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Ancud, Gateway to Chiloé

After crossing the Chacao Channel from Puerto Montt in the company of sea lions and Chilean dolphins, a narrow country road will lead you to Ancud, a city situated on the northern coast of Chiloé's larger island. The best way to learn about Ancud's history is to visit the Museo Regional de Ancud, which contains objects used by the Huilliche and Chono peoples and photographs from the 1960 earthquake that nearly demolished the city. The museum is also a good place to see local arts and crafts and learn about the local legends that have lent an air of mystery to the island, which is said to have been inhabited by witches and sorcerers in ancient times.

San Antonio Fort is another interesting place to visit. It was built by the Spanish in the early 19th century and boasts impressive views of the port.

Like everyone else in Chiloé, the people of Ancud live off the sea, which makes the island the best place to enjoy Chile's extraordinary seafood. Memorable dishes include pulmay and fresh oysters. Some restaurants prepare dishes using ingredients from their own seafood beds.

You have not really experienced Chiloé until you have tasted curanto with the local residents, an easygoing and welcoming people. Curanto is a gastronomic and ancestral ritual in which meat and seafood are cooked over hot stones that are buried in a hole in the ground. The meal is accompanied by milcao (potato pancakes) and chapaleles (dumplings), both made with local potatoes.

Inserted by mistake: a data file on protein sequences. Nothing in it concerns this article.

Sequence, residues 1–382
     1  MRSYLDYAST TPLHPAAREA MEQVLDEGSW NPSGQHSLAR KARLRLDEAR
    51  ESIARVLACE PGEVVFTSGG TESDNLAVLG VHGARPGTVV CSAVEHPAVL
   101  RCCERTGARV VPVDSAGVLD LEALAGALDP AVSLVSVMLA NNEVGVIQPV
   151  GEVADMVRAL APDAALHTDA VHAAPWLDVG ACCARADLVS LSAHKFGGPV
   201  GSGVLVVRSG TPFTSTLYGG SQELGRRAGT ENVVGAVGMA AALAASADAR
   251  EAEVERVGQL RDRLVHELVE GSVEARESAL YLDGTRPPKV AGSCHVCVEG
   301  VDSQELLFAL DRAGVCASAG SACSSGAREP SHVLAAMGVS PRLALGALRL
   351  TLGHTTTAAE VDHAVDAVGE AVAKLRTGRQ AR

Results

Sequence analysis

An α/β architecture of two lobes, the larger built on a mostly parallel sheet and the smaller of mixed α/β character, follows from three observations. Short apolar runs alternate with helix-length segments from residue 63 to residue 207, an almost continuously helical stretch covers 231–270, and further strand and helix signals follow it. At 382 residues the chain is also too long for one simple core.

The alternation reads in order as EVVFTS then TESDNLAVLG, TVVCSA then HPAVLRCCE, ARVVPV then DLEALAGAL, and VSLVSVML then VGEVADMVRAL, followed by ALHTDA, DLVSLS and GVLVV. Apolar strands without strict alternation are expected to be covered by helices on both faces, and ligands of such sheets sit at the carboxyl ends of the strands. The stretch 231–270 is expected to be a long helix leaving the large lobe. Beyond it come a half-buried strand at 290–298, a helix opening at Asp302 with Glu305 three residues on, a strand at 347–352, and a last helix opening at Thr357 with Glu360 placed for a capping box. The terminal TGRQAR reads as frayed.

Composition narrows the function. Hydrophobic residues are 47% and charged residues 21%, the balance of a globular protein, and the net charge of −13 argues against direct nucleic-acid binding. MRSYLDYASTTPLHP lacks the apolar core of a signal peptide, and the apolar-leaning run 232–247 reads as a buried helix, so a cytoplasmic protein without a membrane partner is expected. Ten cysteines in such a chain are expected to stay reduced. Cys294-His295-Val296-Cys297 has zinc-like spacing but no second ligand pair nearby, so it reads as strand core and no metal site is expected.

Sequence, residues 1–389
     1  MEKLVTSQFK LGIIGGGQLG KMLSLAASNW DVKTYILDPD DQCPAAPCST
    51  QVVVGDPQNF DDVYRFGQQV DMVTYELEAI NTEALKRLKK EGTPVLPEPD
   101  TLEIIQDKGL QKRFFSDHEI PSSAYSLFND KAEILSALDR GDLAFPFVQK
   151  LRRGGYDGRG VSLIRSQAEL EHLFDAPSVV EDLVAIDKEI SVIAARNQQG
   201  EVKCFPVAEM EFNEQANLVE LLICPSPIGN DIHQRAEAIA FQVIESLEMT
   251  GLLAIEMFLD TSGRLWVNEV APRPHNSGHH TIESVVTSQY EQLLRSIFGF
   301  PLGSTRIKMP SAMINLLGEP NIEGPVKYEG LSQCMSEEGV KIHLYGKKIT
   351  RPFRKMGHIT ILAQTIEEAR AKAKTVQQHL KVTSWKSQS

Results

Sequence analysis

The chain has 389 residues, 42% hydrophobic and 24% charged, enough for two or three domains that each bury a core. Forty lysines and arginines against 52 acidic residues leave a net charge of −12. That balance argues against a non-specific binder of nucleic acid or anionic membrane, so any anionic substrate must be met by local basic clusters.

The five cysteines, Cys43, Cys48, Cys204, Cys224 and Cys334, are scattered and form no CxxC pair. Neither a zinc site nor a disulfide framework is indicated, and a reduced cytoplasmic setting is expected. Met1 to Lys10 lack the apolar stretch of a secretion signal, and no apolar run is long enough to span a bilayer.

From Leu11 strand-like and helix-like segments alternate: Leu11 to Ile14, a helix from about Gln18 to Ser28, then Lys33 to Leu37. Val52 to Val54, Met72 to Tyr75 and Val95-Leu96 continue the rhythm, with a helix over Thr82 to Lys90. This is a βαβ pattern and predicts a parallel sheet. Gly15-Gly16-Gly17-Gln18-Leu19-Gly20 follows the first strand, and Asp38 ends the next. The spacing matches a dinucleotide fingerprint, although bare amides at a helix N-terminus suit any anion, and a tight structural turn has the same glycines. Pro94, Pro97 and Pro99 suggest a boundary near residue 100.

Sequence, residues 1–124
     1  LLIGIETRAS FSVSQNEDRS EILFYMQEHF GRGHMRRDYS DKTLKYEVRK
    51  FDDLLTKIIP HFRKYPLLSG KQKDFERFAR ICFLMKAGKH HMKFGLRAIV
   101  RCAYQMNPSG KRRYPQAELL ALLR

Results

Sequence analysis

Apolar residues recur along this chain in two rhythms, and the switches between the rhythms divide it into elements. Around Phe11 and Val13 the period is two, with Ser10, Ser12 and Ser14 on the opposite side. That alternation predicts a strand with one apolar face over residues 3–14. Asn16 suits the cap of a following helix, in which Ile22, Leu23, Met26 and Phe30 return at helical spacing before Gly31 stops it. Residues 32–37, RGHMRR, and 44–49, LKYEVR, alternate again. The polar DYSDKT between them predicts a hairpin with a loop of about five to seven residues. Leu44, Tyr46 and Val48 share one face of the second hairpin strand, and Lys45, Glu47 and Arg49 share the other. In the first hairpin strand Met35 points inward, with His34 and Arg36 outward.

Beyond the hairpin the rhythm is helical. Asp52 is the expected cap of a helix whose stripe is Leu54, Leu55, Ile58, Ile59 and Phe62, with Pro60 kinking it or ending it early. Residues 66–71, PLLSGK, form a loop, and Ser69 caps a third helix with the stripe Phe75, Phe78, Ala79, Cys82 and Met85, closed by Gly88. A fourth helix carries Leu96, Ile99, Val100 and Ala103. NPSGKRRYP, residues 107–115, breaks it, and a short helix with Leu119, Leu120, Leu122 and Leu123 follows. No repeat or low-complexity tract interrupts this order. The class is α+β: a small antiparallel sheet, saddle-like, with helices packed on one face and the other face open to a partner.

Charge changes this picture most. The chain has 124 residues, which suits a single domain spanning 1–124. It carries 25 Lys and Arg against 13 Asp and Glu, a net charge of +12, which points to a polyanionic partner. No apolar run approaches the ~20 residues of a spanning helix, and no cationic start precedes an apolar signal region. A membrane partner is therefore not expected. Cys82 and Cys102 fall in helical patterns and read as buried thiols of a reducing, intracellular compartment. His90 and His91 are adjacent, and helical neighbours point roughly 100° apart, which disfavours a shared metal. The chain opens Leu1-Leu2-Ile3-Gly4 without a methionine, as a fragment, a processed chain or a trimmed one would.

Nature lovers will delight in the hundreds of bird species found here. If you're in the mood to see more, take a hike, kayak or visit local beaches. One of the local must-sees is Chiloé National Park, which is about 38 km from Ancud. The Chepu Lookout has the best view.

If you visit between September and April, you can take a boat tour from Puñihuil, 27 km south of Ancud, and visit nearby islets where you can watch the Humboldt and Magallanes penguins and view their nesting sites.

The next stop is Quemchi, which is another 57 km south. This quiet, scenic town has a beautiful shoreline and is home to the former home of Francisco Coloane, a renowned Chilean author who set many of his novels in Chile's southern waters.


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cQuellón dChonchi - Cucao

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Agrotourism  Daily Special - "Plato del día"  Curanto, Not to be Missed
Take an excursion to a local farming or fishing village or enjoy a home-stay with a family in a nearby town. Many local restaurants forgo the formal menu and serve daily specials based on the fresh food available. Curanto is Chiloe's most important culinary tradition and you cannot leave the island without experiencing it. Restaurants around Ancud offer curanto al hoyo events (reservations required), as well as asado al palo (spit barbecued meat) and delicious group lunches featuring grilled fish.


Following Darwin's Footsteps  The Churches of Chiloé 
Charles Darwin disembarked in the tiny town of Cucao, visited Ancud, studied the island's flora and fauna and toured its forests. The best place to read about his journeys and experiences on Chiloe is the book A Naturalist's Voyage Around the World. Take a trip around the archipelago and discover the region's wooden churches, 16 of which form part of a UNESCO World Heritage Site.



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